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Cross-Cultural Contradictions with Chun-Hui Chang

Visual Designer

by Christina Lauren | 09 Sep 2020


For graphic designer Chun-Hui Chang, the process of "becoming a designer" goes hand in hand with an individual's process of personal growth. According to the artist, "Design, to me, is not just a profession; it represents a pursuit of curiosity, responsibility, creativity, and empathy,” she says. 
 
The Independent Visual Designer is specialized in visual identity and design coordination, and her passion alludes to aiding organizations in the optimization of their brand identities. To do so, Chang helps translate their vision into a language that may apply to a multitude of platforms geared toward a more comprehensive form of design communication. Some of her more noteworthy clients include New York Sun Music Production, New Heart Ministries, and Min-Sheng Noodles.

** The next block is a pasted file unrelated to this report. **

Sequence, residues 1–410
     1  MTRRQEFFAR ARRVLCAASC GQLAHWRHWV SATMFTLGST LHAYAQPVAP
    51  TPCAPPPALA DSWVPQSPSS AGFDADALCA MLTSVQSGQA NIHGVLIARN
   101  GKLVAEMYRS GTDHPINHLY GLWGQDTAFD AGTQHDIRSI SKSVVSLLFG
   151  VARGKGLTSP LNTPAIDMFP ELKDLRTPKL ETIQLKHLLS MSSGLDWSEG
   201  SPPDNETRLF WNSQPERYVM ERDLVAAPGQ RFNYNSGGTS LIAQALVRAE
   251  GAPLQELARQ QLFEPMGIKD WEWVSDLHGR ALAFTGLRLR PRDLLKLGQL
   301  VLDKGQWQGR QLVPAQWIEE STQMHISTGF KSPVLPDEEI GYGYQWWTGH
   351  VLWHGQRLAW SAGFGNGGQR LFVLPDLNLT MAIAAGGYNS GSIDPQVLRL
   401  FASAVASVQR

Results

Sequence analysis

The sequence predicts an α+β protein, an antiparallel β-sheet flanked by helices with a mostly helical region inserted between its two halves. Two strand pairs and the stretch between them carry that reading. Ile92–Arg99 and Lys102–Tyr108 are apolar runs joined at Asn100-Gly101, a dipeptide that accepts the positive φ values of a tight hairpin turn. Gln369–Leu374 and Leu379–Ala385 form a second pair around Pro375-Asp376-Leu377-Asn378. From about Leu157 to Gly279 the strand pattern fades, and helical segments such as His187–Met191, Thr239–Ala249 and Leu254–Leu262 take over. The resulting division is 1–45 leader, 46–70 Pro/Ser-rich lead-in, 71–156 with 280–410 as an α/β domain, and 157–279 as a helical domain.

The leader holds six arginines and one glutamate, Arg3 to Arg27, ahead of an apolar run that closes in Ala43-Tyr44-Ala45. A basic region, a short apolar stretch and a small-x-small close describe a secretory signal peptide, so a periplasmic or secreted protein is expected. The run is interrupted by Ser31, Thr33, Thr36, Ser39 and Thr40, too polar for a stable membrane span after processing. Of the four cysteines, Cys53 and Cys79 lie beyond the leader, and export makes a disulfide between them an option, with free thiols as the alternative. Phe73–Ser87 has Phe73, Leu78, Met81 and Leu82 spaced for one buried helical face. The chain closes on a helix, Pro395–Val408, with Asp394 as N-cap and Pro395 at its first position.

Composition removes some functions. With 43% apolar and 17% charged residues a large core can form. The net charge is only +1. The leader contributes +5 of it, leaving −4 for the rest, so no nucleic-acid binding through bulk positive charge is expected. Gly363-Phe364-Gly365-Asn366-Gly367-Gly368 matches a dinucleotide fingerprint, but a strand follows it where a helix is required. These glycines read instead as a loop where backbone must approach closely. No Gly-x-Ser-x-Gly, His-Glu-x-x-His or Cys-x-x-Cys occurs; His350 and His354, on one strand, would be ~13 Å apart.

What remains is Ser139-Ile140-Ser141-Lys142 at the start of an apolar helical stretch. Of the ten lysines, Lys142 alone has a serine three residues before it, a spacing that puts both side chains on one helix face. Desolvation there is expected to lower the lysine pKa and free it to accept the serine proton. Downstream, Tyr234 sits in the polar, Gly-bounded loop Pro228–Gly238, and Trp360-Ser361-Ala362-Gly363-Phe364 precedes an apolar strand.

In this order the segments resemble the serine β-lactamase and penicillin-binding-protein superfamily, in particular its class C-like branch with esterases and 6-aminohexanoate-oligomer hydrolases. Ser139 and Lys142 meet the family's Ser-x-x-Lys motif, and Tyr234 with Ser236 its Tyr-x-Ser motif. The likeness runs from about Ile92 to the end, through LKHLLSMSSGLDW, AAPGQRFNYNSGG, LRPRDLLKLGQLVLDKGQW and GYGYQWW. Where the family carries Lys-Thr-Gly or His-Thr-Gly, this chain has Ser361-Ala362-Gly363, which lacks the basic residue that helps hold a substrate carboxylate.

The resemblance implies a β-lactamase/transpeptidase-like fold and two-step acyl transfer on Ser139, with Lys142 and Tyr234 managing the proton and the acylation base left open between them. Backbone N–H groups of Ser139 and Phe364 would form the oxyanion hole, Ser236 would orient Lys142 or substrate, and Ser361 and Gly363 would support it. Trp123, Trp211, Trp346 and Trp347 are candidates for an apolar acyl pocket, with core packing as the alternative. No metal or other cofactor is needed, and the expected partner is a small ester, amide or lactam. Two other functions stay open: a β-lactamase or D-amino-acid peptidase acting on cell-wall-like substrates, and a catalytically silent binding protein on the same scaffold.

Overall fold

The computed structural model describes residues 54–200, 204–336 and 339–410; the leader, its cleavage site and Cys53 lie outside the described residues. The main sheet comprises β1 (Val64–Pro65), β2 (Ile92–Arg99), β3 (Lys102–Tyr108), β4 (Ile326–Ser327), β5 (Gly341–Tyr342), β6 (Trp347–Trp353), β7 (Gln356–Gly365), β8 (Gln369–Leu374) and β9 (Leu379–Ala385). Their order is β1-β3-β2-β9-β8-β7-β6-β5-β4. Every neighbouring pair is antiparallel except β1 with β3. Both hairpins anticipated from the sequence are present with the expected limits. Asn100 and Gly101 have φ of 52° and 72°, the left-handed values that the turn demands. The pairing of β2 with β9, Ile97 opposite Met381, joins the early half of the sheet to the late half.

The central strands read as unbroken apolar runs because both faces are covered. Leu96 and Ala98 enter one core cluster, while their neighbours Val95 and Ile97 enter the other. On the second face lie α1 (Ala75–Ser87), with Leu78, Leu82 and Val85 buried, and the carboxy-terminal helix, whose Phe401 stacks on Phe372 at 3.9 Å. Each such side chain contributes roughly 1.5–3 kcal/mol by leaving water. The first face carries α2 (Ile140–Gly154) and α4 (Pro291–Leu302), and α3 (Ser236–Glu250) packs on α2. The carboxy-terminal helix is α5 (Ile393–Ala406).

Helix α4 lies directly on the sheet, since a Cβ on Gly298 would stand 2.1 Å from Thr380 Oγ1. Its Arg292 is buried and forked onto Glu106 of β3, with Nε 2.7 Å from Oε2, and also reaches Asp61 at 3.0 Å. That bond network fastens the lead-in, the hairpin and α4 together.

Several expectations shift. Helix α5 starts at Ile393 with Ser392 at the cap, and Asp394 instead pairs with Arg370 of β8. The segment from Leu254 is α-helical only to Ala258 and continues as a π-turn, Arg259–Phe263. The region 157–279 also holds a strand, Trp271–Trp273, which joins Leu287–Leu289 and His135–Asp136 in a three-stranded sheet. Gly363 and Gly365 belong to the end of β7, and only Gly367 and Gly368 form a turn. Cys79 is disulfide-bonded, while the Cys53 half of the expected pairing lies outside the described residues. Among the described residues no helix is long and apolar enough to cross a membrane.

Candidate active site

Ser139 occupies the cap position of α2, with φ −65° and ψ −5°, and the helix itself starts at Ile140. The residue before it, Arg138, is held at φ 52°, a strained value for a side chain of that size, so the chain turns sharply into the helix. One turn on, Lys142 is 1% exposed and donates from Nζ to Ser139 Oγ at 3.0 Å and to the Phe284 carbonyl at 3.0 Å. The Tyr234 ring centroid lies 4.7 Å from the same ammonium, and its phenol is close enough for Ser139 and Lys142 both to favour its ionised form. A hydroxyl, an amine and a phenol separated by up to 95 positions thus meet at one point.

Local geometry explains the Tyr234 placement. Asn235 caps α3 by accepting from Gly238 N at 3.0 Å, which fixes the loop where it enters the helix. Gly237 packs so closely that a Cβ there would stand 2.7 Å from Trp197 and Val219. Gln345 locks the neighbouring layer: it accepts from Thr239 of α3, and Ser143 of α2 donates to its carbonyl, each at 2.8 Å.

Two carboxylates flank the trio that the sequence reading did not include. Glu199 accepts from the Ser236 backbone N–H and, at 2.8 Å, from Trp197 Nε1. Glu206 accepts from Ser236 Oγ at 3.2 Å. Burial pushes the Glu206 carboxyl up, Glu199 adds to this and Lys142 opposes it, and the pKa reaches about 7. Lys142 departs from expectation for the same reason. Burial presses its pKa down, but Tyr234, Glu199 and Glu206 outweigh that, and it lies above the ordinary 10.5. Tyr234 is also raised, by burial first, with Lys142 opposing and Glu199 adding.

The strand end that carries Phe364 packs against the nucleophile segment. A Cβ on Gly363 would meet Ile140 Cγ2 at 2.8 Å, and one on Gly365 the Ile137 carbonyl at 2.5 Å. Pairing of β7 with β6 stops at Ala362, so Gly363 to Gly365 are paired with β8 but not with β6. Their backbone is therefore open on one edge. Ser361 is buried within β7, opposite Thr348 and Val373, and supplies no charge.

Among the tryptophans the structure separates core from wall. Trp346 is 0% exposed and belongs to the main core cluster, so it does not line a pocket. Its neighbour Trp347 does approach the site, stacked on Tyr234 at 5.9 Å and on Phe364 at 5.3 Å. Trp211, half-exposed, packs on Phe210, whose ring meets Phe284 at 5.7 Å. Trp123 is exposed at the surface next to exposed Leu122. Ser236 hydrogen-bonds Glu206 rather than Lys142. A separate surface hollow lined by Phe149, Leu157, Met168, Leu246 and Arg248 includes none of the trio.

Born and raised in Taiwan, Chang moved to the United State to pursue a master’s degree in communications design in the sprawling metropolis of New York City. On the transition, the designer explains: “Taiwan is a place where the oriental culture remains, while New York is known for its western contemporary and liberal environment. The cross-culture background was initially a contradiction for me, but then they gradually began to work in harmony inside me. The experience influenced my style of visual design, but moreover, it taught me to embrace and include different perspectives, not only in work but pretty much everything in life,” says Chang. So how did the decision to become a designer take place? “It was not made at an exact moment in my life,” she says. “I have liked to organize things since I was little—by arranging objects into the right combination, the aesthetics are highly irresistible and satisfying for me. I believe that organization is a crucial part of the design. As a Visual Designer, there are so many elements to play with — color, typography, photography…and more, which attracts me to keep wondering what more I can do in the field of design!”